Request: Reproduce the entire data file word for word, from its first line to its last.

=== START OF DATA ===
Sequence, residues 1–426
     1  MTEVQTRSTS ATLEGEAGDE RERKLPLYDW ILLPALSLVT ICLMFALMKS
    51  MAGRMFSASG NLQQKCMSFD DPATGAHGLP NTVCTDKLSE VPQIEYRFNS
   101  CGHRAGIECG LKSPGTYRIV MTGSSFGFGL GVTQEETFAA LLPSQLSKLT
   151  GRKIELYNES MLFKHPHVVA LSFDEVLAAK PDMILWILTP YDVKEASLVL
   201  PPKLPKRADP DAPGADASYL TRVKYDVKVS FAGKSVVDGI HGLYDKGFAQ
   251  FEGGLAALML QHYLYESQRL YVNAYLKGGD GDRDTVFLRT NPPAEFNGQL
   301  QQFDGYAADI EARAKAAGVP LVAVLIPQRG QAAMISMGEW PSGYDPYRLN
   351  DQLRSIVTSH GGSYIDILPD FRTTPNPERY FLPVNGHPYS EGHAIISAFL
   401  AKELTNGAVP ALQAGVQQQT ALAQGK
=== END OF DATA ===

Sequence, residues 1–426
     1  MTEVQTRSTS ATLEGEAGDE RERKLPLYDW ILLPALSLVT ICLMFALMKS
    51  MAGRMFSASG NLQQKCMSFD DPATGAHGLP NTVCTDKLSE VPQIEYRFNS
   101  CGHRAGIECG LKSPGTYRIV MTGSSFGFGL GVTQEETFAA LLPSQLSKLT
   151  GRKIELYNES MLFKHPHVVA LSFDEVLAAK PDMILWILTP YDVKEASLVL
   201  PPKLPKRADP DAPGADASYL TRVKYDVKVS FAGKSVVDGI HGLYDKGFAQ
   251  FEGGLAALML QHYLYESQRL YVNAYLKGGD GDRDTVFLRT NPPAEFNGQL
   301  QQFDGYAADI EARAKAAGVP LVAVLIPQRG QAAMISMGEW PSGYDPYRLN
   351  DQLRSIVTSH GGSYIDILPD FRTTPNPERY FLPVNGHPYS EGHAIISAFL
   401  AKELTNGAVP ALQAGVQQQT ALAQGK